The Definitive Guide to Overcoming Jet Lag
With a variety of symptoms that have the potential to disrupt both study and social life, jetlag can be one of the most excruciating obstacles for a traveller to overcome. For the international student or returning nomad, overcoming the horror that is jetlag is an art that can be mastered – hopefully without the need for copious amounts of caffeine or sleeping pills.
It is generally acknowledged that travelling east through time zones increases the severity of jetlag because it runs in direct opposition to one’s body clock (or circadian rhythm, if you prefer medical jargon). Unfortunately, given Australia’s position on the world map, it’s fairly likely that the majority of travellers will be approaching in an easterly direction. However, travelling west poses its own challenges; on a return trip from South America, I felt like I needed a maths degree to work out what day and time I would actually be making it back to Melbourne after crossing the International Date Line. Generally speaking, Australia is really not the easiest country to travel to.
As an international student, struggles with jetlag have become an all too familiar experience. In one particularly memorable return trip, I ended up arriving in Melbourne early on Monday morning – with class that very afternoon. Determined as I was to stay awake and soldier on, I attended not only my Monday’s afternoon lectures, but every class that I had that first week. In hindsight, I really shouldn’t have bothered. When it came to revising for my exams, attempting to comprehend what on earth I had been attempting to say in my first week was like attempting to garner some sense from a transcript of a George W. Bush speech. I ended up having to listen to all of my first week’s lectures again; I genuinely may as well have not been there the first time round.
While the point of this article is not to advocate skipping class, it is important to emphasise how debilitating jetlag can really be. And it’s not just a case of potential embarrassment at falling asleep in one of your first lectures; it can affect an individual’s emotional and mental wellbeing. Symptoms range from simple fatigue (which can be bad enough in itself) to memory lapses, impaired judgement, digestive upsets and periods of irritability or apathy. Taking some steps to help prevent and overcome jetlag could prove invaluable to aiding your sleep patterns and your subsequent ability to study, make decisions and not be a jerk to your mates.
Before travelling, get plenty of sleep. Sleep deficit before you travel will only make your jetlag worse – particularly important if you struggle to sleep on planes. If you’re one of those lucky sods who can either sleep anywhere or have managed to bag a seat in First or Business Class with the advantage of a flat-folding bed, try to adapt your sleep pattern to the time zone of the country that you will be arriving in. The best way to do that is generally to set your watch before your flight takes off.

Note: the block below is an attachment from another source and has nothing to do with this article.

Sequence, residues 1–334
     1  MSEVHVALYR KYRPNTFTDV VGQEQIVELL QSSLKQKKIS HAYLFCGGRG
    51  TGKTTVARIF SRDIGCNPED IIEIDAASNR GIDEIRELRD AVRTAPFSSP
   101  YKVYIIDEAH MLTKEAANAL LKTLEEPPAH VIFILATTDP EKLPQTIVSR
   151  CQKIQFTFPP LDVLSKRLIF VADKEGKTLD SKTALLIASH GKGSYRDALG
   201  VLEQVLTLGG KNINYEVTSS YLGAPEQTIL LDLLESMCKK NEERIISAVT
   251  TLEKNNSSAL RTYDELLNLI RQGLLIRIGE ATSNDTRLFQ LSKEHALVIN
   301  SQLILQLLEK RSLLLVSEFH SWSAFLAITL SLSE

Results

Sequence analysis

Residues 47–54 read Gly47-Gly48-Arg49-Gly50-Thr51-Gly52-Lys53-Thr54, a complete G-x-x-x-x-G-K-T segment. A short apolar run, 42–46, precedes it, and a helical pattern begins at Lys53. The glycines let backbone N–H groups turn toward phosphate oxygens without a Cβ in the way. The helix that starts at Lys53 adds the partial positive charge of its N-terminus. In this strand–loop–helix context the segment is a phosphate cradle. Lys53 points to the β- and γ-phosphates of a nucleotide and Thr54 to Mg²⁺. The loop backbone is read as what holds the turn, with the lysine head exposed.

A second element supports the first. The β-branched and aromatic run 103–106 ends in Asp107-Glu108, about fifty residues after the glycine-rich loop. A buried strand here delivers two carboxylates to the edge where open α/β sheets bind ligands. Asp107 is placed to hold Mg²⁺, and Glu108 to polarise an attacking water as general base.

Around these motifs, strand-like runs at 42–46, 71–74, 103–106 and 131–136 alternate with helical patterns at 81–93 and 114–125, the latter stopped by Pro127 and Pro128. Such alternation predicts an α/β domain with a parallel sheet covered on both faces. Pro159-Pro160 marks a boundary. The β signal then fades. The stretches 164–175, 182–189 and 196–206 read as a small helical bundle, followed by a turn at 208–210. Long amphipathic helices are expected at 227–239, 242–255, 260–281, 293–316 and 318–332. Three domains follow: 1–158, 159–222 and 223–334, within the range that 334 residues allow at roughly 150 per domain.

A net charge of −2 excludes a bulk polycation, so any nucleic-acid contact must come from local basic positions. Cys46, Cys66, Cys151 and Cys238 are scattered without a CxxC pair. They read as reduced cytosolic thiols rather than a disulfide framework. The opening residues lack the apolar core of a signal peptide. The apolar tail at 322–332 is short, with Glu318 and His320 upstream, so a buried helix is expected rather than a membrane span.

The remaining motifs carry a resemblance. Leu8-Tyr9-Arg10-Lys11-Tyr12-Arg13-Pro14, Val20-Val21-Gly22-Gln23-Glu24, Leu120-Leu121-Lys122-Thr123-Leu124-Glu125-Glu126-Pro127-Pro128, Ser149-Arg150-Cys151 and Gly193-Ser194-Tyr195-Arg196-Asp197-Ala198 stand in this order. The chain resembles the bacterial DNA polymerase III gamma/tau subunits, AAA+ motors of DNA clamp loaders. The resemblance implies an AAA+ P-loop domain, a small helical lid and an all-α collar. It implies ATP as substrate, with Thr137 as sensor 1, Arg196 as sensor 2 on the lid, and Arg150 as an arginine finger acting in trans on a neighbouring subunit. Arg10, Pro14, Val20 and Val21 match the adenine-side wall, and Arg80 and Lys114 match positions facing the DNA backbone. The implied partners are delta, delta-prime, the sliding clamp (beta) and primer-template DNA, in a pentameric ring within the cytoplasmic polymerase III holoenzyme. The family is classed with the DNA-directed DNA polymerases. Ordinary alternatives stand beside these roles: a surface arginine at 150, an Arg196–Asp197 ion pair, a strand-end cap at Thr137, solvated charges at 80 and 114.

While on the plane, stay hydrated. Drink lots of water (don’t be afraid to ask for more) and limit your alcohol and caffeine intake. As hard as it might be, resist the student inclination to seize the opportunity to knock back glass after glass of free booze! The hangover is not worth it and it can seriously screw up your body clock. Also, don’t stuff yourself with free food. Plane food is generally pretty poor quality and smaller, lighter meals are recommended for allowing the body to deal with travelling between time zones.
If you arrive at your destination in the morning, expose yourself to as much daylight as possible. Studies have shown that sunlight enables the traveller to reset their body clock since our circadian rhythm is determined by chemicals in the brain – particularly melatonin – that are activated by sunlight. Apparently, the stimulus to reset our body clock is through light entering the eyes. So, if you arrive feeling tired, fight the temptation to hole up inside with a DVD box set of Scrubs – your body will thank you for it.
If sunlight just isn’t cutting the mustard and you need to rely on caffeine to get you through your first day, avoid drinking it past the late afternoon. It can seriously inhibit your ability to sleep and there is nothing more miserable than lying wide awake in the early hours of the night counting down the hours before you have to get up for lectures or work the next day. If you’re self-medicating through caffeine, exercise some common sense!
If you struggle during your first few days of arriving, don’t panic. It’s perfectly normal to take anything from several days to several weeks to get your body clock fully back on track. A rough estimate is that it takes one day for every hour of a new time zone. Don’t push your body if you don’t have to and it will allow you to recover far more quickly. With a little bit of luck, you’ll end up not trawling through incomprehensible lecture notes, ostracising your friends, falling asleep at 3pm, forgetting your timetable or ending up dependent on caffeine for the rest of the semester. Did I mention jetlag can really suck?